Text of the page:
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Africa creates new humanitarian body

3 September 20190 comments

The African Union is creating a new body to oversee humanitarian responses and policy on the continent in a bid to localise the humanitarian relief system.

From October, the African Union (AU) – a continental forum of 55 states – wants the new African Humanitarian Agency (AfHA) ton replace the current leadership provided by UN agencies and other organisations.

The AU wants African nations, multi-country alliances, or African NGOs to lead humanitarian coordination and response by 2025.

African commentators and scholars have long held that UN agencies and international NGOs in Africa are extensions of a neo-colonial international system, limiting African institutions from evolving.

Its creators aim for the AfHA to provide the general policy direction for the African-led humanitarian system, strengthen the disaster management bodies of member states and create sub-regional hubs for training and funds mobilisation.

“Where member states and sub-regional groups lack adequate capacity, AfHA will mobilise and dispatch African humanitarian teams, including civilian experts and NGOs. It will also fund African NGOs to deliver aid,” its manifesto says.

“Where member states are parties to a conflict and are unwilling or unable to protect or assist civilians, AfHA will deploy non-combatant contingents from the African Standby Force on neutral missions to keep humanitarian space open and safe for African NGOs,” it says.

But other pundits point out the new body will face three tough challenges: accessing sufficient resources, defining a clear division of labour with existing organisations, and ensuring international aid agencies step back.

The move is backed by all 55 AU members as a priority reform. But success or failure will also be the ultimate test of the commitment to the localisation agenda of the existing main operators in the humanitarian system.

Member states have reportedly agreed to increase the organisation’s annual budget for humanitarian coordination from the current $US2 million to $US20 million.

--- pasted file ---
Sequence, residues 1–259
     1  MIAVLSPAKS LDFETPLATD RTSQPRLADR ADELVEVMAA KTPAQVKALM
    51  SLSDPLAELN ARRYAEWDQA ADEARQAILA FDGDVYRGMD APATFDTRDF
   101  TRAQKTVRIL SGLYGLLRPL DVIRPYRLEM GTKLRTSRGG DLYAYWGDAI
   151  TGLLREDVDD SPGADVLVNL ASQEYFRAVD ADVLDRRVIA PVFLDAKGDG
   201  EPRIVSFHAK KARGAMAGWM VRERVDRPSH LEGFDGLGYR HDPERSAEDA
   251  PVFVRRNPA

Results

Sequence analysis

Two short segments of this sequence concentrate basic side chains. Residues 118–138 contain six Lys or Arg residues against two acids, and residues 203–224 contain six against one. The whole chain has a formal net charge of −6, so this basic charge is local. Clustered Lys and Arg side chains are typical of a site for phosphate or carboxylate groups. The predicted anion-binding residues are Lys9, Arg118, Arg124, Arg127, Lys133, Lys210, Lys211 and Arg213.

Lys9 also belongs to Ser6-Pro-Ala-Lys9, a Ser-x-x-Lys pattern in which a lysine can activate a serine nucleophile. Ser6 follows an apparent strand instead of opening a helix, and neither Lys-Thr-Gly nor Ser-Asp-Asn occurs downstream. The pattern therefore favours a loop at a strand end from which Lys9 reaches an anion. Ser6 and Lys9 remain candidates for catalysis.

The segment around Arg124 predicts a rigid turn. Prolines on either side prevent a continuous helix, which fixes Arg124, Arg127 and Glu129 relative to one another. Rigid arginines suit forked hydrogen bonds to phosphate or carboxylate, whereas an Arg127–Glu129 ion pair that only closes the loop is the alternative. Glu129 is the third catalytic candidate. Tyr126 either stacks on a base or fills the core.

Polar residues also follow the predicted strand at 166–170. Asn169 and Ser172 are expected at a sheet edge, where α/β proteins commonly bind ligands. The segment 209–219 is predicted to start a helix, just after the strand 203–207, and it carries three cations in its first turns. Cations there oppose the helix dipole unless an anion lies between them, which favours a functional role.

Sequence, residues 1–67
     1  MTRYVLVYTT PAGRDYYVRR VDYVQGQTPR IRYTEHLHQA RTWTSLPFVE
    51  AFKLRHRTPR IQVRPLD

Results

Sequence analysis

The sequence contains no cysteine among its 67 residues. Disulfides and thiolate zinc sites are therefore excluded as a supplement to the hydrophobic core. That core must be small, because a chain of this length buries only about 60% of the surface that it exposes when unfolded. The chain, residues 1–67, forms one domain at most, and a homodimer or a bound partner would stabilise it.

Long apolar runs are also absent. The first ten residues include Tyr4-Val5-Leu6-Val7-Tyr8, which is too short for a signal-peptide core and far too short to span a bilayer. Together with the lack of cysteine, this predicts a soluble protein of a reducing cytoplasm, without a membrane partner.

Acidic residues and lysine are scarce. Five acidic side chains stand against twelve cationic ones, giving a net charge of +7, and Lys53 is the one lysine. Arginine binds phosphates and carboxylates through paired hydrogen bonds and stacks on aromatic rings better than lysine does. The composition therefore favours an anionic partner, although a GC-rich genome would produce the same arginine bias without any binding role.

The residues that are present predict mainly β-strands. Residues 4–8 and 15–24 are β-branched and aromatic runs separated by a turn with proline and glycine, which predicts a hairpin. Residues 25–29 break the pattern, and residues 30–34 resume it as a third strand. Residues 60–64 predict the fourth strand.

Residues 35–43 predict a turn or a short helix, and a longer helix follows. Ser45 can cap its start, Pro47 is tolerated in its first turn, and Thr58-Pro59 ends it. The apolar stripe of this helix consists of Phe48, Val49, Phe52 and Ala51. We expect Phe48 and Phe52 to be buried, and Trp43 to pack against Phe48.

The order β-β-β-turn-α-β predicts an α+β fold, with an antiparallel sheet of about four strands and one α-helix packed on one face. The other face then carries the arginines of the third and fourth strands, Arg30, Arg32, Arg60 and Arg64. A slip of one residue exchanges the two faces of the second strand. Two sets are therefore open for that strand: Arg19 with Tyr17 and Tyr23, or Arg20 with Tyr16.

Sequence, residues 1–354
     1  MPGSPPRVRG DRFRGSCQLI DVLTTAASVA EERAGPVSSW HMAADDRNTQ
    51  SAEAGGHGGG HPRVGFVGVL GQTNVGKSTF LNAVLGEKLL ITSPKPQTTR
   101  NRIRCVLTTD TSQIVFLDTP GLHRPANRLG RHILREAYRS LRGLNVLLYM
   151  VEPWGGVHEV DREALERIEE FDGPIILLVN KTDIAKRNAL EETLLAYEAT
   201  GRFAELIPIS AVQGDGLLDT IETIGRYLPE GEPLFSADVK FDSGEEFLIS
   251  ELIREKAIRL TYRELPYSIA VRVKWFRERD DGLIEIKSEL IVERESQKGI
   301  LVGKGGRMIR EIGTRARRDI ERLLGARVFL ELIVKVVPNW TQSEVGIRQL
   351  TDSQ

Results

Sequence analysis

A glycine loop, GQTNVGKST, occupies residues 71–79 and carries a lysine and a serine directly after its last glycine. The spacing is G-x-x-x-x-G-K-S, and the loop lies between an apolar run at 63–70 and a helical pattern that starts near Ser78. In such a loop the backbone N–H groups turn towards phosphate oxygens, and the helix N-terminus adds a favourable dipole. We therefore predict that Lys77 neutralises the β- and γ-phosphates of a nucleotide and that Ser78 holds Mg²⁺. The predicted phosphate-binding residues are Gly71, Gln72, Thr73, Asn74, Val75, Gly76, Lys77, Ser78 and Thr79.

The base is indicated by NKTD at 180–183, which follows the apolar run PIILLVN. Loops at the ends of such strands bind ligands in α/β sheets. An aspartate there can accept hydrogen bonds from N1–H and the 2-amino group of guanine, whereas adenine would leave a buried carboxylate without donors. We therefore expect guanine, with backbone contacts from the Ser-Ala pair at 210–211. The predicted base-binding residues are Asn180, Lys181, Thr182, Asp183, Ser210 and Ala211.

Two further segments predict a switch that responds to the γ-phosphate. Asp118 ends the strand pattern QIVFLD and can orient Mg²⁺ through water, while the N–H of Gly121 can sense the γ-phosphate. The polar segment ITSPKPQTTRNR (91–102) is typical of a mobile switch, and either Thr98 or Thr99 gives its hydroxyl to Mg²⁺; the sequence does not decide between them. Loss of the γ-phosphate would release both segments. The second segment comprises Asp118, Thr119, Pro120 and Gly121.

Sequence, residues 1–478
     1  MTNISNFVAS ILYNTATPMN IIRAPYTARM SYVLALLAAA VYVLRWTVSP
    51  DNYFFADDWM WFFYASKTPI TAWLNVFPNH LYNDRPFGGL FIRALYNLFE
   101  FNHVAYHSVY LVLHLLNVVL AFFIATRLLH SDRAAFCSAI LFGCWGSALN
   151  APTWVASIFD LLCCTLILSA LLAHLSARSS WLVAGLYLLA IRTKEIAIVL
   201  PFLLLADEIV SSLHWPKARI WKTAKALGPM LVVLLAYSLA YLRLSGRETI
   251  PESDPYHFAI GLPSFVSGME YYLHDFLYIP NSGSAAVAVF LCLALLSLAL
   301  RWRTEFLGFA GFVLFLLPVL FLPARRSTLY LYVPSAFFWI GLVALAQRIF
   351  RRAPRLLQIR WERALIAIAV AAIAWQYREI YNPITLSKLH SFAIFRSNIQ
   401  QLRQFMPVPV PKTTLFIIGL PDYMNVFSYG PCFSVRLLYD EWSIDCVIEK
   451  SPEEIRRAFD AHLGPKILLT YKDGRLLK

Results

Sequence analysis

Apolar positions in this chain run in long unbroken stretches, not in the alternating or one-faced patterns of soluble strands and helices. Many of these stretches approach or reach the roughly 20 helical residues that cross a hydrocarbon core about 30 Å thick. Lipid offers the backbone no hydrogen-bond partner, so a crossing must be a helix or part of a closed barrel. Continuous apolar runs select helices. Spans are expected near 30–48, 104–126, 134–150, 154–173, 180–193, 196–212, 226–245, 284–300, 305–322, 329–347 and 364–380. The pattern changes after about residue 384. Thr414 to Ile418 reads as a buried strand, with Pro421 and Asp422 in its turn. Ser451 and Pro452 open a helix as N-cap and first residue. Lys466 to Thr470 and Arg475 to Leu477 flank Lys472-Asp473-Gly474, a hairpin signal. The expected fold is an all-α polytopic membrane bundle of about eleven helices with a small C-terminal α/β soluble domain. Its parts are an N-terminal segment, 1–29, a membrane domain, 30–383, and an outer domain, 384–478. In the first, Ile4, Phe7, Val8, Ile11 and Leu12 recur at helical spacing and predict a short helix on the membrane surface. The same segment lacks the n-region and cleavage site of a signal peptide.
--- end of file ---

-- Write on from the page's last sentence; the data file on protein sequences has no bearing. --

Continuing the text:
But the first challenge facing the fledgling organisation is the need to provide sufficient resources in terms of funding, logistics, and staffing; creating the capacity to manage disasters and crises of conflict in Africa by the 2025 deadline to replace UN and international NGOs.

The second challenge is one of coordination. There are a plethora of national bodies, member states, sub-regional organisations and existing local NGOs.

At the same time, many nations are strengthening their own domestic disaster response arrangements and sub-regional organisations have created their own humanitarian policies and networks of partners.

Observers say without a proper coordination mechanism, these may become competitors instead of partners to AfHA.

A third challenge may come from UN agencies and foreign humanitarian groups that now control most aid on the continent.

The UN and the International Committee of the Red Cross have so far provided technical support for the work of creating the AfHA.

The idea is that once AfHA is adequately funded, equipped and coordinated, the UN and international NGOs will take a step back.

But humanitarian organisations have long competed for growth, funding and brand visibility. So, the UN agencies and foreign NGOs may ultimately consider AfHA as a competitor rather than a partner.

Time will tell whether AfHA will go the same way as other grand ideas like the African Food Relief Organisation of the 1980s and the African Humanitarian Initiative that the AU’s predecessor, the Organisation of African Unity, abandoned in the 2000s.